Today, disruptors are aided by the fear of the pandemic that has forced people around the world into hiding in their closets. (Even writing this puts me in danger of being called some terrible name and having vicious motives attributed to me.) Fear is a great ally of the disruptor.

American historian Richard Jensen wrote in his 1971 book, The Winning of the Midwest: Social and Political Conflict, 1888-1896: “Partisanship ran deep in the Midwest. The Civil War was a living memory; more than anything else it fused the loyalty of Republicans to the ‘grand old party’ that had saved the Union and abolished slavery – just as it fused the loyalty of Democrats to the poor man’s party which had defended constitutional liberties in an era of despotism and corruption.

Men spoke of political attachments in the same breath as loyalty to religions.” He goes on to outline how the media had become “semi-official party organs”.

“The news was almost as biased as the editorials. The weaknesses of the opposition grew into fatal flaws, their blunders magnified into heinous crimes against American liberties, and their policies metamorphosed into evil designs of conspiratorial juntas.”

Things were also in turmoil in Europe and Britain, where Darwin and others in the 19th century “contributed to a worldview, giving rise to representations of society in the strongly biological terms of ”social eugenics” and other variations of “racial” thought, such as the idea of the “degeneration” of the working class.”

The norm was being challenged; social structure was under reorganization as the welfare state began to take hold.

Notions of a “new world order” were promoted by people such as Marx and Engels who together formulated what became known as Marxism. Think about some of the events that followed upon this period of disruption: the murder of the Russian royal family and the consequent dictatorial rule of the communists who left a trail of death and destruction that is still being felt; the discontent that made the First World War possible and paved the way for the takeover of Germany by Nazism, followed by murder of millions of Jewish people; the emboldening of Japan and the disruption in Asia that destroyed the Chinese dynasty system and replaced it with an even less benign dictatorship of the state.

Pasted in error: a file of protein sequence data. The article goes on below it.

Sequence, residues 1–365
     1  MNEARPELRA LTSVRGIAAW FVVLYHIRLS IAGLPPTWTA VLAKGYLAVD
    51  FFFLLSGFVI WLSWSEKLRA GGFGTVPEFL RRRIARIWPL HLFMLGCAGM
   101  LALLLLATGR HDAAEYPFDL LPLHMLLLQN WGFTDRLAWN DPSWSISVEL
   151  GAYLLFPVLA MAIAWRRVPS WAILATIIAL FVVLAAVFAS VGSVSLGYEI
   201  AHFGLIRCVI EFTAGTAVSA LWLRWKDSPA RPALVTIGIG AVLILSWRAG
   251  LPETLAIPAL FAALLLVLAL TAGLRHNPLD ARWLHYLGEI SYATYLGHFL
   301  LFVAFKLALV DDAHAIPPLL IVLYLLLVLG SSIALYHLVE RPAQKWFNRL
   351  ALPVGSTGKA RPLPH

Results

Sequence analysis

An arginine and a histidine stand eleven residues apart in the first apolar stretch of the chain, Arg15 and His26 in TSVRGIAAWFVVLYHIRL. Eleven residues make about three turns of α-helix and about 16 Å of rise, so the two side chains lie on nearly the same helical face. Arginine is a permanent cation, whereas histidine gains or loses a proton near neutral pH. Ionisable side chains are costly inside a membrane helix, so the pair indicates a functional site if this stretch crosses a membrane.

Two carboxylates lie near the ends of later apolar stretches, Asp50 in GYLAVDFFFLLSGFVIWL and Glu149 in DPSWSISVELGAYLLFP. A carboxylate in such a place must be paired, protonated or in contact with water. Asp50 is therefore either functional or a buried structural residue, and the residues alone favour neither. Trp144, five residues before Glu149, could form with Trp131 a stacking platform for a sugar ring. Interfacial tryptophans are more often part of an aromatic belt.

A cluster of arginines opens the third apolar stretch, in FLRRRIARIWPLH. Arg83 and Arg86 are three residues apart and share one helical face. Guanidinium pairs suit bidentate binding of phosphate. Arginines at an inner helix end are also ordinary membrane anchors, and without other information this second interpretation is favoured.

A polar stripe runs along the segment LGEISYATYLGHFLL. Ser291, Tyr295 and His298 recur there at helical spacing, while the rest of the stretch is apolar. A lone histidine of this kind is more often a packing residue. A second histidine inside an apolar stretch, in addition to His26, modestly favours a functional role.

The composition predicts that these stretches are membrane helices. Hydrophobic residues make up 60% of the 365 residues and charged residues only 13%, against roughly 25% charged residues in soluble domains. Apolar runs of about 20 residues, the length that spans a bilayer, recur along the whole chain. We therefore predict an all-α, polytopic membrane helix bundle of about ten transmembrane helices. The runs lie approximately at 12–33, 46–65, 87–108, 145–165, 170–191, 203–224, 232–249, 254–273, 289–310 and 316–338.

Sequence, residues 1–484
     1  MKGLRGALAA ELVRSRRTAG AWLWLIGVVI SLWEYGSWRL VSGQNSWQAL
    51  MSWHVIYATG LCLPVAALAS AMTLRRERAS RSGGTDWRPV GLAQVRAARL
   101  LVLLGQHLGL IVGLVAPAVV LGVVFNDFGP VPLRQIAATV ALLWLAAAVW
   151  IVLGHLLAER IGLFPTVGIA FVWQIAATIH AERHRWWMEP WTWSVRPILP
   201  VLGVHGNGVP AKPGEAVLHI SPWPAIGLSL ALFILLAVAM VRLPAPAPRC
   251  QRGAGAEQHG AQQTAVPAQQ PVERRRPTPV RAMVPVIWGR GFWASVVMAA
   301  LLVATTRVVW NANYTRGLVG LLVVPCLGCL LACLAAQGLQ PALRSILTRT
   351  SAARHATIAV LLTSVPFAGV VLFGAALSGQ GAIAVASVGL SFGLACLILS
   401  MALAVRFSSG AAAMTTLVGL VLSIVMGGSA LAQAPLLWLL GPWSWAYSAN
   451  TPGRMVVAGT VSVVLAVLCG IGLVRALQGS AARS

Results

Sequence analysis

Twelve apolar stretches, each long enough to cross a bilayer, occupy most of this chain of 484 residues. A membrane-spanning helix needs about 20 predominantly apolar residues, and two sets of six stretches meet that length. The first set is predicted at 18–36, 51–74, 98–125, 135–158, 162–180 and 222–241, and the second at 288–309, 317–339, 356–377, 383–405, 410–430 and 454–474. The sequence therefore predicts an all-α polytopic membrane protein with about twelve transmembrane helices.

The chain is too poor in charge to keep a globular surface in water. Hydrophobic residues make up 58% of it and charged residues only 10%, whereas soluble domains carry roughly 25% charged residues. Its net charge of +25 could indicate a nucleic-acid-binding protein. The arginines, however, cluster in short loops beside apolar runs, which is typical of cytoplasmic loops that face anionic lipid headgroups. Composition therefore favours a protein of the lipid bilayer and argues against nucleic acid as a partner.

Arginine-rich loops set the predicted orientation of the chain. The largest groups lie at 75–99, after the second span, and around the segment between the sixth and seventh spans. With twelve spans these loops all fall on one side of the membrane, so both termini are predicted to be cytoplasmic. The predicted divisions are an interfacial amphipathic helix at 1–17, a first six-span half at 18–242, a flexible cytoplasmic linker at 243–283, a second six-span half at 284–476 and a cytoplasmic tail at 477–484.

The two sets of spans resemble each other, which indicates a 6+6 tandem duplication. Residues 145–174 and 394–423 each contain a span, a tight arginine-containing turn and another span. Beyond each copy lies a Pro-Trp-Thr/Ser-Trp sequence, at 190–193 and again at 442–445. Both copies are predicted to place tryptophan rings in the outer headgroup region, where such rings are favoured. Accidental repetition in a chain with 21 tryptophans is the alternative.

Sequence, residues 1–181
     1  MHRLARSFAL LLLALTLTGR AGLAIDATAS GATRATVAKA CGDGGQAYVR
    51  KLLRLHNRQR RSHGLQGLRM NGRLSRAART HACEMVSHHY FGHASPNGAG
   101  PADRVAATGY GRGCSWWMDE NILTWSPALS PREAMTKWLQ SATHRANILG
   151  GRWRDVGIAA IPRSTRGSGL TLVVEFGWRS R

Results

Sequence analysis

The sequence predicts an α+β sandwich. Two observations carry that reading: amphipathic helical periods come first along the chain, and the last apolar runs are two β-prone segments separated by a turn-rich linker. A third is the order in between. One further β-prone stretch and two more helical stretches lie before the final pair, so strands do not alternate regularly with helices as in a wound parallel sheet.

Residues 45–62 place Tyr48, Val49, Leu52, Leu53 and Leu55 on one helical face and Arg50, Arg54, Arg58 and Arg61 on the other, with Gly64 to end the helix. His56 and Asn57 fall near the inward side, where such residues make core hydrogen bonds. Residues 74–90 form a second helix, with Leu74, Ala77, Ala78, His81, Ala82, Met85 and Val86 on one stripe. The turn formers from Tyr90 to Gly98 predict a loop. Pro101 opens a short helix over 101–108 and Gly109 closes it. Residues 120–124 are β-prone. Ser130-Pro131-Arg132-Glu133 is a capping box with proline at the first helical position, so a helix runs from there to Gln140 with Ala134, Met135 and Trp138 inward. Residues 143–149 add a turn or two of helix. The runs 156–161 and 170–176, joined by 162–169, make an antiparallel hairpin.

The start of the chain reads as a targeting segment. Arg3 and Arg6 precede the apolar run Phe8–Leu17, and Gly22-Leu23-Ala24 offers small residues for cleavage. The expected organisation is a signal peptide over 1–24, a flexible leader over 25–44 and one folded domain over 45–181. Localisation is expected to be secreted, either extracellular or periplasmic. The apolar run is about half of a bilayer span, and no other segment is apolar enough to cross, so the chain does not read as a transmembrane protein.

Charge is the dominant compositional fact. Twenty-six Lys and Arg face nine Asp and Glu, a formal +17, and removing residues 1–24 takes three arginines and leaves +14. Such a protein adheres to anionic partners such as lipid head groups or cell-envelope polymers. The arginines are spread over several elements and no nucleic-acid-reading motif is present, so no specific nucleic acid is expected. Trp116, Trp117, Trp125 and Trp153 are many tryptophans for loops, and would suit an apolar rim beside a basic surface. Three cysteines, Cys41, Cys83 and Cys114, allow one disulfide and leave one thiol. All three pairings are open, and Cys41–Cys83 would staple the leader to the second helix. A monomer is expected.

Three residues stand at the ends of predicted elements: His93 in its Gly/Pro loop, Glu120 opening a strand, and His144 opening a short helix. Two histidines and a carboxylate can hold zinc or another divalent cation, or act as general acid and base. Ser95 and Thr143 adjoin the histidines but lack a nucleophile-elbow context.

Throughout this period, countless millions lost their lives. Democracy and freedom shrank. Misery prevailed in much of the world. Now, I am not suggesting that we are on the brink of such a horrific time. However, I worry that without a sense of some alarm, we might be lulled into thinking that “this too shall pass”, as it did during the disruption of the 1960s and 70s. Perhaps it will, but those of us who have been here a long time must remind the new generation that what is past is prologue and that it is prudent to tread cautiously.

Seven steps on the road to destroying a democracy

1. Infiltrate schools and bend the minds of the emerging generation;
2. Choose a set of “victims” to polarize the population;
3. Play on feelings of guilt in good people;
4. Develop a lexicon of labels and apply them freely to individuals to keep them in line;
5. Coerce the media and shut down independent organs of free speech and thought by applying the labels and shouting down any dissent;
6. Undermine democratic state infrastructure by constantly overriding or ignoring precedent;
7. Tell the public what it wants to hear while doing whatever suits the agenda of the disruptors.

Dorothy Dobbie

Dorothy Dobbie was the Progressive Conservative MP for Winnipeg South, 1988-1993

Article reproduced with permission from Beyond the Hill, magazine of Canadian Association of Former Parliamentarians